Inside Toronto's first automated pay toilet
Standing inside Toronto's new public pay toilet, I'm struck by the not so original thought that life is strange. After 10+ years spent at university cultivating my intellect in the ivory tower, I now find myself working on a "story" about a place where people go to relieve themselves.
Where did I go wrong?
Unfortunately, that question is too much to take on in a blog post, so I'll have to confine myself to a consideration of the washroom. Added bonus: I have pictures! Despite the fact that I received more than a few "who's-that-pervert?" stares as I entered the automated restroom with my professional looking camera, I was willing to make the sacrifice in light of my profound commitment to quality journalism (insert SarcMark here). After all, it stands to reason that people might be curious about what a $400,000 toilet looks like.
Located at Queens Quay and Rees Street, this washroom is the first of its kind in Toronto. Here's what the City's press release has to say about it: "The automated public toilet is activated by inserting a 25-cent coin or token. Each patron is allocated 20 minutes per use, with the time clearly communicated through a three-step audible warning process and a visual blinking light. After each patron exits, the unit will seal itself and begin a self-cleaning cycle."
All of the above is true, but since I spent part of my evening checking this toilet out, I'll share my impressions. Though my visit took place on the day of its opening, I have to say it's still pretty remarkable how clean this thing is. Late in the day, the room remains spotless, and the only odour is that of cleaning agents. But, perhaps even better than the high level of sanitation is the ambient music that plays as you do your business. Not your standard-fare elevator music, it sounds a little bit like Air during their 10,000 hz Legend phase.
At first I had difficulty putting my finger on the general "feel" of the washroom, but as the music was interrupted by a robotic voice doling out instructions, I had my epiphany.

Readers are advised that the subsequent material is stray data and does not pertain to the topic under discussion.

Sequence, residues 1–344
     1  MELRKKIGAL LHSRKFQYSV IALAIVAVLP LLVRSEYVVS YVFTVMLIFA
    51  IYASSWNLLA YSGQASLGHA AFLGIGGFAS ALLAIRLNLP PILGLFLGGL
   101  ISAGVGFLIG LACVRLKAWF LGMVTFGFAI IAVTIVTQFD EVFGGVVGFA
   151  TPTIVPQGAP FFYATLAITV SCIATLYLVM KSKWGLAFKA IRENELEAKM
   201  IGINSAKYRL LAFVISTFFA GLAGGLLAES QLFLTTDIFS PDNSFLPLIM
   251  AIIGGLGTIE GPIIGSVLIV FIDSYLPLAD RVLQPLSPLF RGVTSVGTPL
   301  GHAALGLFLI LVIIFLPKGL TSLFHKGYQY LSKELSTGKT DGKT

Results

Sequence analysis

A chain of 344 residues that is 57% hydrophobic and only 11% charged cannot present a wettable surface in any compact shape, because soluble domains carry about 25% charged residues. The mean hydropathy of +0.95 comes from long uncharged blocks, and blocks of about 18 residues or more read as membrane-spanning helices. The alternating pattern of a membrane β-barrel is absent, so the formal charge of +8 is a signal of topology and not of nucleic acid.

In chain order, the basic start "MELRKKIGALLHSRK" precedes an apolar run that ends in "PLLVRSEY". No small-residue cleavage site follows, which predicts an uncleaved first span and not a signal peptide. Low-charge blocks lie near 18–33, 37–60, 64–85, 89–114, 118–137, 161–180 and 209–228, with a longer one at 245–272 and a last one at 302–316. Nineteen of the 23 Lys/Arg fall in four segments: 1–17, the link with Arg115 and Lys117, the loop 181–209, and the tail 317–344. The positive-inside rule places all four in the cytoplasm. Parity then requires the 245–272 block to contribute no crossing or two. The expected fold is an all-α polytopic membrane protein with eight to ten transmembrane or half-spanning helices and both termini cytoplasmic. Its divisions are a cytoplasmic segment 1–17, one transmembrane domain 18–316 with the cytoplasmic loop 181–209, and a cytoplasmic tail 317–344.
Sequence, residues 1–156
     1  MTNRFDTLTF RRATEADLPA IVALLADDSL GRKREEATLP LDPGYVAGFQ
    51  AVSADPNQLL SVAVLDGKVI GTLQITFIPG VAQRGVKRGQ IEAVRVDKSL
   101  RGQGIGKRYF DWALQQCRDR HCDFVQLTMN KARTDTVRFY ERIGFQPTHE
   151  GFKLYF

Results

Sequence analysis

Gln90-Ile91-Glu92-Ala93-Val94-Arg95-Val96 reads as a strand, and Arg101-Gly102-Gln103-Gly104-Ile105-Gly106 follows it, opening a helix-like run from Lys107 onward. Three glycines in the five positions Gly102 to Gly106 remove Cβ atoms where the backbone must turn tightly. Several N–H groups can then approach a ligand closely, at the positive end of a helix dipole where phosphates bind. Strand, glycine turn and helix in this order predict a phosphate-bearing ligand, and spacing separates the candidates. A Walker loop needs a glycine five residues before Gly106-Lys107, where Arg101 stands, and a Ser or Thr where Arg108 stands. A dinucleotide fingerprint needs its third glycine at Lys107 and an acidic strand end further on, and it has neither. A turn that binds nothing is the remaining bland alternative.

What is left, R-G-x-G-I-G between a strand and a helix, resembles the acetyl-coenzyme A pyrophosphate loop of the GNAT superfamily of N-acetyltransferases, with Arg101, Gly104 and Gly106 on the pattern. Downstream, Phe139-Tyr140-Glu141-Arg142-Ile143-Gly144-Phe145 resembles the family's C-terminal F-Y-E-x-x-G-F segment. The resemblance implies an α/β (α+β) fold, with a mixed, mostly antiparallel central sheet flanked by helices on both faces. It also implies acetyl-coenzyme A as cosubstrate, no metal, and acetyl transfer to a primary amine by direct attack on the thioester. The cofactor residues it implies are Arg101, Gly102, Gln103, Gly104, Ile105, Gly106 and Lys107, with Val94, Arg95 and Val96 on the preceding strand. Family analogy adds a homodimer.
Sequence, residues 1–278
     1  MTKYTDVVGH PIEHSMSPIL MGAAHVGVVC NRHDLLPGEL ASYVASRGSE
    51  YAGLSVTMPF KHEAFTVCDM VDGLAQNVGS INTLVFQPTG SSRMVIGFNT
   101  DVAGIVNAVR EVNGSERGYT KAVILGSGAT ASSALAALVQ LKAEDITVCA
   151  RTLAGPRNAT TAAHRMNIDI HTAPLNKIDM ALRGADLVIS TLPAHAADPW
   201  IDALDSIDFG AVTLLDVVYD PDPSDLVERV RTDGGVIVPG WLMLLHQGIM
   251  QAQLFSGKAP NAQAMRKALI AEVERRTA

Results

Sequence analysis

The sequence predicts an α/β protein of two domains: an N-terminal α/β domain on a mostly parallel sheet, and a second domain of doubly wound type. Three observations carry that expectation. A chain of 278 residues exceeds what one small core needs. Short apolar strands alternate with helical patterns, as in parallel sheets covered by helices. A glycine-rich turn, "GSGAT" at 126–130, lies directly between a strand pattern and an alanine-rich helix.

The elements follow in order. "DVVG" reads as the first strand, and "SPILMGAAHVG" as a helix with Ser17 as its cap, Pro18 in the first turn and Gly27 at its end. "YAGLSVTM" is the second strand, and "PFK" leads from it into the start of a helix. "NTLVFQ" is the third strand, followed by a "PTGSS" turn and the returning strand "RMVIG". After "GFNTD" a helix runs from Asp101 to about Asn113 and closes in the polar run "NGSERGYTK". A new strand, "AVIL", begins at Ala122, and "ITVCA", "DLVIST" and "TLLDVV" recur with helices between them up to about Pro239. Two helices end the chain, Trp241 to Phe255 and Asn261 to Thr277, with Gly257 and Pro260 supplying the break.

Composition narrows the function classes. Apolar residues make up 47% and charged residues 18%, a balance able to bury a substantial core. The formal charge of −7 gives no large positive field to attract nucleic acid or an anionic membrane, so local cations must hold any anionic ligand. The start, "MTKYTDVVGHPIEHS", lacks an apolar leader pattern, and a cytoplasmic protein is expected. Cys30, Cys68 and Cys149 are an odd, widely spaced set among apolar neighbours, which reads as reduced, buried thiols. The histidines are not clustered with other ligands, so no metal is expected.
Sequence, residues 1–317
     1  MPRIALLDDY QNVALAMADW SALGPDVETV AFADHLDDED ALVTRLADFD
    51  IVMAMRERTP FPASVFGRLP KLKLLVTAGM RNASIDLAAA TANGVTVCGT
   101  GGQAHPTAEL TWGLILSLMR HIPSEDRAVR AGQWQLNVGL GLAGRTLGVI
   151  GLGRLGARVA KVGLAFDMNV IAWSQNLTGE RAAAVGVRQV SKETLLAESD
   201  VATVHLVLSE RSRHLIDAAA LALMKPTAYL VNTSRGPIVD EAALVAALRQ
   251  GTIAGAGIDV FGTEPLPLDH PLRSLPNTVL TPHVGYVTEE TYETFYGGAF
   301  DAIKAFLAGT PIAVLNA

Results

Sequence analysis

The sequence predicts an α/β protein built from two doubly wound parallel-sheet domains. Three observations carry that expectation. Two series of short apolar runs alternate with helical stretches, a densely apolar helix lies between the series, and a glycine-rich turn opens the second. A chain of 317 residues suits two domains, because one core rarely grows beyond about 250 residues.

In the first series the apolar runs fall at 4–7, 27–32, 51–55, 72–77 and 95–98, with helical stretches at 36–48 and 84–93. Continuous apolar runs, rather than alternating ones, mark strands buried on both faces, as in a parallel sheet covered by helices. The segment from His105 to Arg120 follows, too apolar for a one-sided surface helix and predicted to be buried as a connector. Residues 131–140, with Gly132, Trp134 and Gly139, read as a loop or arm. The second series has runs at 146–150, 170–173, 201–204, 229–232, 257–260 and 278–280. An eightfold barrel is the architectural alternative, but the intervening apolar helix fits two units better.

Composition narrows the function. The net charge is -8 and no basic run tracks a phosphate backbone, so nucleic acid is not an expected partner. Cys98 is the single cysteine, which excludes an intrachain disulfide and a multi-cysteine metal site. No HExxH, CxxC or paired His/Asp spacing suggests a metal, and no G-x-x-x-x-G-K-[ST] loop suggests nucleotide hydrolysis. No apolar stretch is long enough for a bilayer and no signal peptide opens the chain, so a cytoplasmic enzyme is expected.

This is the future. Or, more accurately, this is what the creators (and buyers) of the toilet believe the future should be. Like some of Astral Media's other street furniture, this washroom is so 2025. Complete with a Star Trek-like door, full automation, a minimalist design and a general sense of order and cleanliness, upon entry into this washroom, I can't help but feel as though I'm in a time warp.
And like most examples of futurism, things look great right now. Aside from the fact that the door takes what seems to be forever to close (not so good if you're in a rush) and the fact that the seat is a bit cold, this project offers everything you could ever want in a public washroom.
But who knows how things will play out over time? Will these washrooms become a haven for drug-users and the homeless? It's happened in other cities. While the door will open after the first twenty minutes inside, that doesn't mean the occupant is forced to leave the confines of what is, if one is living on the street, a pretty inviting place to sleep. Perhaps there are alarms bells or something.
But I get ahead of myself. I should have researched that. I want to be a good journalist. And speculation can be the death of the well-intended reporter. So, I'll stop here -- but offer the promise that I'll be sure to check back in on this toilet after it's been in use for a while. Perhaps I'll even devote a weekly column to it...
Editor's note: there were almost no puns used in the writing of this article.
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